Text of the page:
Title

Returns to Residential Energy Efficiency and Conservation Measures: A Field Experiment

Abstract

Residential energy conservation is a key component of contemporary energy and climate change policy in the US and elsewhere. Comparisons of the relative effectiveness of measures aimed at reducing residential energy consumption are made challenging, however, by the endogeneity of technology and energy use decisions. In this paper we describe a novel small-scale field experiment that uses randomized treatments to estimate the returns to three types of energy conservation measures in institutionally owned homes. The results from the experiment indicate considerable reductions in natural gas consumption associated with the installation of attic insulation and the provision of incentives for conservation. The results are supported by observations of ambient indoor temperature data, which show that households receiving incentives significantly reduce their temperature settings—especially when coupled with access to a programmable thermostat. The study will ideally provide guidance for institutions and communities considering energy efficiency measures and for future researchers designing randomized experiments to study residential energy use.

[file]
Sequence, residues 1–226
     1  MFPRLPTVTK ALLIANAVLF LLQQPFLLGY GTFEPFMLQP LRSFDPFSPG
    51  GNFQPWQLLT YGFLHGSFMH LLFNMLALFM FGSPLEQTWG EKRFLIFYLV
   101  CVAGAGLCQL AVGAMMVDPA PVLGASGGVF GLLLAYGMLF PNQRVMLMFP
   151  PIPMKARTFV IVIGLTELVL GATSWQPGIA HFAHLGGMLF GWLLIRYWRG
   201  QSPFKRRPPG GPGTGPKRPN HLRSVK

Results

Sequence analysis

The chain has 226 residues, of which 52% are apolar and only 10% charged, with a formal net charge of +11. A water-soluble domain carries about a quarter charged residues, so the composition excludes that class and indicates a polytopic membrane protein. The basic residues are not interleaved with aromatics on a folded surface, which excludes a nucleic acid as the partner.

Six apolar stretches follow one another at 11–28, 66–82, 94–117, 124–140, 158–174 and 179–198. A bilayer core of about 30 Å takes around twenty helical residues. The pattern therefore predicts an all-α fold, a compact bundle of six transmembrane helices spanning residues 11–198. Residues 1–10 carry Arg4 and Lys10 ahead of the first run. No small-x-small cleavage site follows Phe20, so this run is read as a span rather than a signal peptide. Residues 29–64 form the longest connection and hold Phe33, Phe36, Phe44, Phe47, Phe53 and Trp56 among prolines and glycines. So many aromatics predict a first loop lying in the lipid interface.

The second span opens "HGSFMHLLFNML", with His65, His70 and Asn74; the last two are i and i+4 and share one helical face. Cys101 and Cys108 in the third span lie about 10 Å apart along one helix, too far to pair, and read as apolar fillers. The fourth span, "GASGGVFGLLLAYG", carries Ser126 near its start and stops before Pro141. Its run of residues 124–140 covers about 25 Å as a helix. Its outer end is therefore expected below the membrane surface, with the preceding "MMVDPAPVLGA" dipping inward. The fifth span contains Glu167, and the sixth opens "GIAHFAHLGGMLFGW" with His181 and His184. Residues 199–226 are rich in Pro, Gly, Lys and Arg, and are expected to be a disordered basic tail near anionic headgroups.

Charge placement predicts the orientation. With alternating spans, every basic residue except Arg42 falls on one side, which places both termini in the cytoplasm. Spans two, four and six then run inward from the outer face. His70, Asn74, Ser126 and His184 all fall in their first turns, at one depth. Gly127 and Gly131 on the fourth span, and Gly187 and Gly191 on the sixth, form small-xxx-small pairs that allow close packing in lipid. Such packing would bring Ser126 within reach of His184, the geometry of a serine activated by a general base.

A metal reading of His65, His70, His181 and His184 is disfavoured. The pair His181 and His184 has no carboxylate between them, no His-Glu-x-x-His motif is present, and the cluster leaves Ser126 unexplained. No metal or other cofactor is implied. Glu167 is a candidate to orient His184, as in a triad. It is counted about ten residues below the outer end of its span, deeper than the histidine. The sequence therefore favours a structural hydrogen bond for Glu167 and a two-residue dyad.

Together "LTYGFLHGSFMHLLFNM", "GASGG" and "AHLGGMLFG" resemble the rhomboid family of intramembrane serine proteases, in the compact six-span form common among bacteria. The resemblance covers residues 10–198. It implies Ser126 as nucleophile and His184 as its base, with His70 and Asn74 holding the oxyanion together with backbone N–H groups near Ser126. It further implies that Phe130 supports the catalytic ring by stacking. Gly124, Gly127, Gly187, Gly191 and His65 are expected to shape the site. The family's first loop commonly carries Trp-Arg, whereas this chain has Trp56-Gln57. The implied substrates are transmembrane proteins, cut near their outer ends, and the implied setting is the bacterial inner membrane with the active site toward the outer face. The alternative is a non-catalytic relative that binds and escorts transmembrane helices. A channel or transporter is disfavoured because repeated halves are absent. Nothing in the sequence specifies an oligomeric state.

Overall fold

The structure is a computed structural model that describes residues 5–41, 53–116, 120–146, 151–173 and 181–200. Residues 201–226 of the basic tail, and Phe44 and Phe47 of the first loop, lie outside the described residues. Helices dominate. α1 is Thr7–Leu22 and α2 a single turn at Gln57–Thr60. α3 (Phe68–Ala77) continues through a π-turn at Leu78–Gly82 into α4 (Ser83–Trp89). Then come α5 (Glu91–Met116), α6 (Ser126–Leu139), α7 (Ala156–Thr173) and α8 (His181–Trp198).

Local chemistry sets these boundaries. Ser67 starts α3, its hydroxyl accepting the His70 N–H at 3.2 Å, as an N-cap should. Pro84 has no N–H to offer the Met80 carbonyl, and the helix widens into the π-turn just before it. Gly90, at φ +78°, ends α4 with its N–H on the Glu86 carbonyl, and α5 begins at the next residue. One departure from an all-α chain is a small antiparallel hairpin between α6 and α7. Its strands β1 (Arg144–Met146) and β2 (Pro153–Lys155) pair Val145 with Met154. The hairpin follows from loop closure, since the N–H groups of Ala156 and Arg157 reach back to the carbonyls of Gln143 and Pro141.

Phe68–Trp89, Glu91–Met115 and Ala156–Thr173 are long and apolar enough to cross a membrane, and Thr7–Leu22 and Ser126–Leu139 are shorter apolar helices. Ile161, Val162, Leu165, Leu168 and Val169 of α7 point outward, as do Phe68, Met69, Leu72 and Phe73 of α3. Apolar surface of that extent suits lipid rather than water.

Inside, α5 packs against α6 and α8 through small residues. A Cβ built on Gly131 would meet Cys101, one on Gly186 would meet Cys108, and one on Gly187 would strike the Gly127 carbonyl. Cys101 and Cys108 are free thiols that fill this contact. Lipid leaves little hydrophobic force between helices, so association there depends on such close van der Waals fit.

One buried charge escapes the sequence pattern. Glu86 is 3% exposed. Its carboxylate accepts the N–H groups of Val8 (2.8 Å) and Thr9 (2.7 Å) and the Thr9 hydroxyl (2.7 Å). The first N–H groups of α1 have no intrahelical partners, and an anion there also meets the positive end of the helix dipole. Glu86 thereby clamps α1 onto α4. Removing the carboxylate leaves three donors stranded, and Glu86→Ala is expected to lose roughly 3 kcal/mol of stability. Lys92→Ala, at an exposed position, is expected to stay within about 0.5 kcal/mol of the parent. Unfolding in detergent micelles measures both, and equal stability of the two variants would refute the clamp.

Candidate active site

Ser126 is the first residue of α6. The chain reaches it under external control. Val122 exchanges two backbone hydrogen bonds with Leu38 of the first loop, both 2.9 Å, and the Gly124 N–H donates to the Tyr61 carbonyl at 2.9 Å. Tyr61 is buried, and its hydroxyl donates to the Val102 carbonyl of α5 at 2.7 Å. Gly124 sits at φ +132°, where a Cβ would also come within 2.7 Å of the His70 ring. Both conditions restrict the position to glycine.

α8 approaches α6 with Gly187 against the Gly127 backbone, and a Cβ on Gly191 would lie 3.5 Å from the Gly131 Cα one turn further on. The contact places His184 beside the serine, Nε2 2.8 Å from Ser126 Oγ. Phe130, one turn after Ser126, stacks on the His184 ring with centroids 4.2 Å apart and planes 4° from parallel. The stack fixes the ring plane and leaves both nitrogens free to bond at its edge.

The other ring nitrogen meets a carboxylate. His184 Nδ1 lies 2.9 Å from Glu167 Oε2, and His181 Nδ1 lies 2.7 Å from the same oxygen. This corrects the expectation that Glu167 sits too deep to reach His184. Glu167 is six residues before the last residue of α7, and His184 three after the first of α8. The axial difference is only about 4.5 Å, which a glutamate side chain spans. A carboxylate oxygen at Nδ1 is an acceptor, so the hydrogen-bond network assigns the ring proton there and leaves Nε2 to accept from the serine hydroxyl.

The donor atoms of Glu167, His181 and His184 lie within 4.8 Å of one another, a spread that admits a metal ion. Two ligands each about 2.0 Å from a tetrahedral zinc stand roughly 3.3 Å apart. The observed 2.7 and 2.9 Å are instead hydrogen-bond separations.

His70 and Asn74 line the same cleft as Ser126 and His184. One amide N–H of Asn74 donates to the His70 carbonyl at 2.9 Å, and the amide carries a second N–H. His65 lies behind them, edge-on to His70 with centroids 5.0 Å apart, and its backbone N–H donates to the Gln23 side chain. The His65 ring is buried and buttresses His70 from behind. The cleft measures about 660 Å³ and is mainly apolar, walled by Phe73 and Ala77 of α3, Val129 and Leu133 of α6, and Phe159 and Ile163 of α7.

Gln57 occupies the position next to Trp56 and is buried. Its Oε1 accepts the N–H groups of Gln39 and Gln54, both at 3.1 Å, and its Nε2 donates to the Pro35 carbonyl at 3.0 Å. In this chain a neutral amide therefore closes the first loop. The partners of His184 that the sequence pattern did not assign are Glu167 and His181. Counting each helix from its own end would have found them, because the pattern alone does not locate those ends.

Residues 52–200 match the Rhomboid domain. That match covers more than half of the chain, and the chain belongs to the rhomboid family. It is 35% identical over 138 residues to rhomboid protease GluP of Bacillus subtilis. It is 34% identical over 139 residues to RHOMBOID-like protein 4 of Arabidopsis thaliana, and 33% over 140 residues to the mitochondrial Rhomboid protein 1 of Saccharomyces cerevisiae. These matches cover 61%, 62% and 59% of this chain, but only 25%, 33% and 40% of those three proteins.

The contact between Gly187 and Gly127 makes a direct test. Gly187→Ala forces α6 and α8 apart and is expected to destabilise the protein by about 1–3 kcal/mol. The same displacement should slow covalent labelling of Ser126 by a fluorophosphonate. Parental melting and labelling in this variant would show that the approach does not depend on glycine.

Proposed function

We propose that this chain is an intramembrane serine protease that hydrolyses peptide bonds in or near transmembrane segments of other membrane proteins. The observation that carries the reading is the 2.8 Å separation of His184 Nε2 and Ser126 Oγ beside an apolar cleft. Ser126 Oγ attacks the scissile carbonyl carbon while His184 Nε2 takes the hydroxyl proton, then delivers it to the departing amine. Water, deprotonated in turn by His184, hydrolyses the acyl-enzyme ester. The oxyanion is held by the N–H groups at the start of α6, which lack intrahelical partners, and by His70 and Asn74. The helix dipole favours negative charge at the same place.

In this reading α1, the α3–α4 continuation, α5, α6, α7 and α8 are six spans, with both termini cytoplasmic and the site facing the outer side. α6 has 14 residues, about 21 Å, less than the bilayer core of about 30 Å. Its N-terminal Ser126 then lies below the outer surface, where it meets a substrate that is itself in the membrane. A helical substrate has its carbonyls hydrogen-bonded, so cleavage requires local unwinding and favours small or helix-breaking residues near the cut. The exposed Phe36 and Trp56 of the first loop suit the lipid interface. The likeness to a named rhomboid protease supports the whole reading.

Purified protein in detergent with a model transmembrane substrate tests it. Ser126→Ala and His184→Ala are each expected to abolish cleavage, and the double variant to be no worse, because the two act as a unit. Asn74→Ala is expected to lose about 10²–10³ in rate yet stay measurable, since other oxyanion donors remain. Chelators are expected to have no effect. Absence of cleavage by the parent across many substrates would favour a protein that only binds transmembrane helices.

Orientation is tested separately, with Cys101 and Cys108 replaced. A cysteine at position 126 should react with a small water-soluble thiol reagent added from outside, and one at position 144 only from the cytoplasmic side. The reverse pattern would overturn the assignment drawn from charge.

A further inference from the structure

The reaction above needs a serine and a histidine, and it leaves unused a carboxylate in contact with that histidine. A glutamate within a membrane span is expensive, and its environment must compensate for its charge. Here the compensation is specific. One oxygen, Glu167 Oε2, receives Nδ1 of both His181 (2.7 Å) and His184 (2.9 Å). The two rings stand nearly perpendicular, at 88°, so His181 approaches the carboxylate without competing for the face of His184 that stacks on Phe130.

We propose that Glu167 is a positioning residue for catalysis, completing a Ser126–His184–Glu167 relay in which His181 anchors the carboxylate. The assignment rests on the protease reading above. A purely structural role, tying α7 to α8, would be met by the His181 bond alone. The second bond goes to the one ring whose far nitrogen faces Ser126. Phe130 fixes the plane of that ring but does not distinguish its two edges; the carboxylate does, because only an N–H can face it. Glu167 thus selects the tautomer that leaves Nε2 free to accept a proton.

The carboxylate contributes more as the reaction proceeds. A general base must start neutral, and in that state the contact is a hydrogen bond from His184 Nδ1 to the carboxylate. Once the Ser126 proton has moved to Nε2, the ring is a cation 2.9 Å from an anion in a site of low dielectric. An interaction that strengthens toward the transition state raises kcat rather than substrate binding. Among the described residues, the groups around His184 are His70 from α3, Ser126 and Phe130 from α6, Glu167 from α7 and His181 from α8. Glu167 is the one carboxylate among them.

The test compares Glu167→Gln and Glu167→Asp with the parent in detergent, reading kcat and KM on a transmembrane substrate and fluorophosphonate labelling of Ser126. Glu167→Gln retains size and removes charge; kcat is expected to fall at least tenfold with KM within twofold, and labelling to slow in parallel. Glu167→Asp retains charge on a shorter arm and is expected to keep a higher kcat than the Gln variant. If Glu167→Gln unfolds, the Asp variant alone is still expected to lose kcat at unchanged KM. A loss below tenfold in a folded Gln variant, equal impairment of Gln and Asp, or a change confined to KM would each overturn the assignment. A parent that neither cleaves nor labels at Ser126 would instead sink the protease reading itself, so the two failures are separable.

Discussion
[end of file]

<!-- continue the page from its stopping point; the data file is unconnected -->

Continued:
Publisher

Elsevier

Publication Date

1-1-2013

Publication Title

EnergyPolicy

Department

Economics

Additional Department

Environmental Studies

Document Type

Article

DOI

10.1016/j.enpol.2013.04.003

Notes

Record for J. Suter. Additional record for M. Shammin: https://digitalcommons.oberlin.edu/faculty_schol/3696/

Keywords

Energy efficiency, Field experiment, Residential energy

Language

English

Format

text

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